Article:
Coetzee uses the occasion of a review to give a fine overview of Beckett's life and thought during the 1930s, as reflected in the letters. For instance:
A bit of internetting can answer some of the questions about money equivalents. This currency converter, for instance, lets us know that the £30 Beckett spent on the Yeats painting equals about $2,880.15 today. Not a minor investment, and, indeed, it would have been nice information to have in the book. Nonetheless, as just about every reviewer, including Coetzee, has pointed out, the scholarly apparatus in the book is vast and in many ways astounding and overwhelming.
Migrations of artists are only crudely related to fluctuations in exchange rates. Nevertheless, it is no coincidence that in 1937, after a new devaluation of the franc, Beckett found himself in a position to quit Ireland and return to Paris. Money is a recurrent theme in his letters, particularly toward the end of the month. His letters from Paris are full of anxious notations about what he can and cannot afford (hotel rooms, meals). Though he never starved, he lived a genteel version of a hand-to-mouth existence. Books and paintings were his sole personal indulgence. In Dublin he borrows £30 to buy a painting by Jack Butler Yeats, brother of William Butler Yeats, that he cannot resist. In Munich he buys the complete works of Kant in eleven volumes.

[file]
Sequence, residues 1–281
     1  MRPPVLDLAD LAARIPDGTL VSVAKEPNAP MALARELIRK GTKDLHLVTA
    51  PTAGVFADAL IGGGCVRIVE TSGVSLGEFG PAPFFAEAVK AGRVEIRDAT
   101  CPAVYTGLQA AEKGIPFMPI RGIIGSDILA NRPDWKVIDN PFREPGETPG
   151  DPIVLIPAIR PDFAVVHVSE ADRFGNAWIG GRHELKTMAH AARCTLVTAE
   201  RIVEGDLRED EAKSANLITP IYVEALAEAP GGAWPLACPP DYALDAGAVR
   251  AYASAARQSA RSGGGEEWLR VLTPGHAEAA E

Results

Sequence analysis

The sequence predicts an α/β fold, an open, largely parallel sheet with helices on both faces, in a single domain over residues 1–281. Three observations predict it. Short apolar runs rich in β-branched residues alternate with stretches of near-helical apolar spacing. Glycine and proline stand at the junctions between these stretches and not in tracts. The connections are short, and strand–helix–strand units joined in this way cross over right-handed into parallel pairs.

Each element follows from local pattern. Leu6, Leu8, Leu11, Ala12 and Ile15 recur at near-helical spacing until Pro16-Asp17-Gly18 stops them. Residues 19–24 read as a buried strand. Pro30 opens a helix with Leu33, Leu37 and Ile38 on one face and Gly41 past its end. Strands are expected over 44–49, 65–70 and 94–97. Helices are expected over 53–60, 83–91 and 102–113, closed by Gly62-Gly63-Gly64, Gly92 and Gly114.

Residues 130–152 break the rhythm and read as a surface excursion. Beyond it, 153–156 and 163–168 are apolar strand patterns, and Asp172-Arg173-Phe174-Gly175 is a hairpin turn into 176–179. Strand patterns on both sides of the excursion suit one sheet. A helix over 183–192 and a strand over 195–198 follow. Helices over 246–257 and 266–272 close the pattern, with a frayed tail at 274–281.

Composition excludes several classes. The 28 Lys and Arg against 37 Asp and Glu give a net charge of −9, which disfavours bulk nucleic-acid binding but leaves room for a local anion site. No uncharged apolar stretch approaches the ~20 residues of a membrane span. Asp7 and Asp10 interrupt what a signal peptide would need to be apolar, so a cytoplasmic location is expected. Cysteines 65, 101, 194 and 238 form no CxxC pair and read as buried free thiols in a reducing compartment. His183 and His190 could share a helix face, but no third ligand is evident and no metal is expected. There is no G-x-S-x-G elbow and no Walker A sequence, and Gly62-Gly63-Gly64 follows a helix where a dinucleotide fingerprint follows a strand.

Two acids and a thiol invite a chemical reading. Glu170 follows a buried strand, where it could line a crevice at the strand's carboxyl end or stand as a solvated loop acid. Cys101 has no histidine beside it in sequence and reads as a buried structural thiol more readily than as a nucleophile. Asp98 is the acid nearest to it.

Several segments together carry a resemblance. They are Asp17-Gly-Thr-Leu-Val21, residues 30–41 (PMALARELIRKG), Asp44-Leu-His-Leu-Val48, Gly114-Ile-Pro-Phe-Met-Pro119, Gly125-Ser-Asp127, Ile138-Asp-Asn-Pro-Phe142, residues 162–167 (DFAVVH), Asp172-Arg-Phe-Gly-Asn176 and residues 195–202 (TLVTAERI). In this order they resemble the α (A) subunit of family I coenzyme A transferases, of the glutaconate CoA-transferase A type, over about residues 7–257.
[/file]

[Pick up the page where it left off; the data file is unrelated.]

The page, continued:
What £30 in 1936 represents in today's terms, or the 19.75 francs that an alarmed young man had to pay for a meal at the restaurant Ste. Cécile on October 27, 1937, is not readily computed, but such expenditures had real significance to Beckett, even an emotional significance. In a volume with such lavish editorial aids as the new edition of his letters, it would be good to have more guidance on monetary equivalents. Less discretion about how much Beckett received from his father's estate would be welcome too.